Yesterday I went to see work of photographer and filmmaker Vincent Laforet which has impressed me over the last year. His current project LAFORET AIR shows cities from above. Okay, this does not sound exciting since everyone can see such imagery via Google Earth.
But Vincent does a totally different job – he flies very high with a helicopter and shoots these cities at night. All the illumination becomes visible and produces different impressions for almost every city. Some look like electronic circuts, some like the vains of some creature and some like islands in the desert. Somehow every mental association seems to be connected to life.
He started this project as a more or less side effect of an editorial shooting in New York City. Since the results were raising a lot of attention due to their very special perspective and colourization he decided to shoot other cities, too. He moved to Las Vegas, Los Angeles and San Francisco. And now he is on a world trip. This month he visits European cities. London and Barcelona he as already checked. Now Vincent and his crew stop over in Berlin. Next locations will be Paris and later this year Hong Kong, Singapore and Tokyo.
A little bit hidden in an abandoned semi-industrial backyard of Berlins former labour district Wedding Vincent and his band had organzed a very nice welcome for those interested in this project. Vincent gave a short presentation of his previous work and showed some of his shoe commercials and then straightaway moved to his LAFORET AIR project. In most of the audience’s faces one could see jawdropping expressions for every image that appeared on the screen. And we became witnesses of the first time public showing of his Barcelona images. Such strange angles, such great detail, such wonderful and surprising patterns and such color. Wow!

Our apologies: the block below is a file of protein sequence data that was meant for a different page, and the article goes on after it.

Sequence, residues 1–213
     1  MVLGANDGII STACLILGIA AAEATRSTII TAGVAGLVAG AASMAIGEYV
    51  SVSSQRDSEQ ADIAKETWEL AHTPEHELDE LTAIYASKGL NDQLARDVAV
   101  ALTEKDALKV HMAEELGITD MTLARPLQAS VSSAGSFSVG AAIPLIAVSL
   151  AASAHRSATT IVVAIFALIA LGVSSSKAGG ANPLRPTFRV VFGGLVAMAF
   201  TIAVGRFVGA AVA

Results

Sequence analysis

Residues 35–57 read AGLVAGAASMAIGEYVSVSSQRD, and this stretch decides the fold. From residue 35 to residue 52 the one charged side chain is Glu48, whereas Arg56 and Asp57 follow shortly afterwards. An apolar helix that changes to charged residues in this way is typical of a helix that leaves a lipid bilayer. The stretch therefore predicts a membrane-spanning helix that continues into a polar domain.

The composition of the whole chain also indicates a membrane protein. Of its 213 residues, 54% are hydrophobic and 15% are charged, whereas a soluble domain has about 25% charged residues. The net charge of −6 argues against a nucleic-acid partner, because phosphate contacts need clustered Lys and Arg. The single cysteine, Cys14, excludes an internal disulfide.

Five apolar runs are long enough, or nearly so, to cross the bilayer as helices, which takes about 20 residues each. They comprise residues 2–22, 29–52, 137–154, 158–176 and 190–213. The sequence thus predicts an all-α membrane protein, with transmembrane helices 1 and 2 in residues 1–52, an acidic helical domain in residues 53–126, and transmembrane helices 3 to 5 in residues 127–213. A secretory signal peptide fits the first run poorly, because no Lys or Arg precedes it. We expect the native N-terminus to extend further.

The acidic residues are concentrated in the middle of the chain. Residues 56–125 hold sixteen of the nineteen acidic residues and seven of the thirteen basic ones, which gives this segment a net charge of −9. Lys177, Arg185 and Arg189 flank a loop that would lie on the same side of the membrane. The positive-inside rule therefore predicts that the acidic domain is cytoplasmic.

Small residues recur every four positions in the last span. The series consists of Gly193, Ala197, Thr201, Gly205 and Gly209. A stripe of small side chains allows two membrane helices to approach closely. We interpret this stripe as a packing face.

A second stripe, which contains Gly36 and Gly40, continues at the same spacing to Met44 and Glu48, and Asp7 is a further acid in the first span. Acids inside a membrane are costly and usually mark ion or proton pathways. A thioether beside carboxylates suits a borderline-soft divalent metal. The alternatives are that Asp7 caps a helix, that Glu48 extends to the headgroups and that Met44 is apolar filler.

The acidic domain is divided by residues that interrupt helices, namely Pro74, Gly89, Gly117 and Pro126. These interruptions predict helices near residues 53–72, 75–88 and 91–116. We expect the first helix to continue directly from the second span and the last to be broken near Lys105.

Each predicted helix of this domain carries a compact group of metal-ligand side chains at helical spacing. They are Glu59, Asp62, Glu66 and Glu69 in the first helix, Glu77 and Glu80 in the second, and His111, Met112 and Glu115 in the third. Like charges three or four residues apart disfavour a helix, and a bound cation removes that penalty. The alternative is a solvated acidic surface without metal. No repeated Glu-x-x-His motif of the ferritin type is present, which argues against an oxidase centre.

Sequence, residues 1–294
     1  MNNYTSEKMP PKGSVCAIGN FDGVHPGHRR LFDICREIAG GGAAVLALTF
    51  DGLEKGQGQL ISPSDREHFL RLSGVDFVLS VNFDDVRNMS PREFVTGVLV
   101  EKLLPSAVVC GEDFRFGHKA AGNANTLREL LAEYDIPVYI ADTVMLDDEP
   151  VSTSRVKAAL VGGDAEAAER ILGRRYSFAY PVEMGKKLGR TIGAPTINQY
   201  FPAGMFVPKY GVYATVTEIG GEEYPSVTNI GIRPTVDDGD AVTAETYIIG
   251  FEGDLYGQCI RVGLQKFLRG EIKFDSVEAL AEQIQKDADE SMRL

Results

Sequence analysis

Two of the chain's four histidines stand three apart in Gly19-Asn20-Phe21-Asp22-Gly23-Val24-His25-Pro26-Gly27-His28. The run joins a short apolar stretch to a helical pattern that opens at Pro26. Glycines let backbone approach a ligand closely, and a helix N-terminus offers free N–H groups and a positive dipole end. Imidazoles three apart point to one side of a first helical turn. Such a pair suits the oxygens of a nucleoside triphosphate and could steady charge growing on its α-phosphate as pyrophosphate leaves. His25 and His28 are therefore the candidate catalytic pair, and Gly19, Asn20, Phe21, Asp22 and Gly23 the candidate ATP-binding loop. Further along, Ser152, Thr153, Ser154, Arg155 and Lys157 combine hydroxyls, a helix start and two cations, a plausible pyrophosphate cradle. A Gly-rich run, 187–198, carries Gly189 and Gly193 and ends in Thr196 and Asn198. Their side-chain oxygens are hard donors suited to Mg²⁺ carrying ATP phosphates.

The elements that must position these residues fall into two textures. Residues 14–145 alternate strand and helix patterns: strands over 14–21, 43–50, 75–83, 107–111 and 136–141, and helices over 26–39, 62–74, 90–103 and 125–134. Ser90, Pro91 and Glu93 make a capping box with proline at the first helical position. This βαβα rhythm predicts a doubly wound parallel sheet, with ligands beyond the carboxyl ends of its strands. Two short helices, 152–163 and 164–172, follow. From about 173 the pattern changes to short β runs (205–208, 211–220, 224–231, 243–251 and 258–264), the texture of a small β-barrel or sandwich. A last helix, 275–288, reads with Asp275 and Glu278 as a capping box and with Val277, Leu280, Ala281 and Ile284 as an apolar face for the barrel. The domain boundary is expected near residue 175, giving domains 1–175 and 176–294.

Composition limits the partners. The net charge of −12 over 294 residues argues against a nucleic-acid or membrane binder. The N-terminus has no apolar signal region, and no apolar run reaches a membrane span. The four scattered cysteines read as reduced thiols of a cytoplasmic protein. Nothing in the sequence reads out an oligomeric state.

Okay every photographer knows that this color cannot be achieved just by pressing the shutter release. Vincent also talked about this part of his post production workflow: It takes about 30 seconds – just pushing some sliders in his software. Nevertheless: the main part of this workload is sorting the multi-thousand images that he brings from every shoot and to find the final keepers, which easily can take up to 10 hours. And we learned: The other extremely time intensive factors are preparation, negotioation for permits (which was quite easy for Berlin as he admitted – the gouvernmental stamp went quite quickly onto his permit) and a vast marketing campaing. Vincent always needs to raise funds because such a single shoot could easily sum up to a few tens of thousands of Dollars.
And now Berlin. The idea behind his German assignment is to show if – even after a quarter of a century after re-unification – there will be still a difference between East and West in lighting and if the course of the former wall can be determined or not. Vincent hopes for fine weather when he will be flying over Berlin this weekend. We keep our fingers crossed.
P.S.: Unfortunately I was not amongst the winners of the prize draw at the end of this event and did not take home a signed Lithograph of one of Vincent Laforet’s AIR photos. But instead of this I have decided to pre-order the book with these wonderful images to be delivered later this year.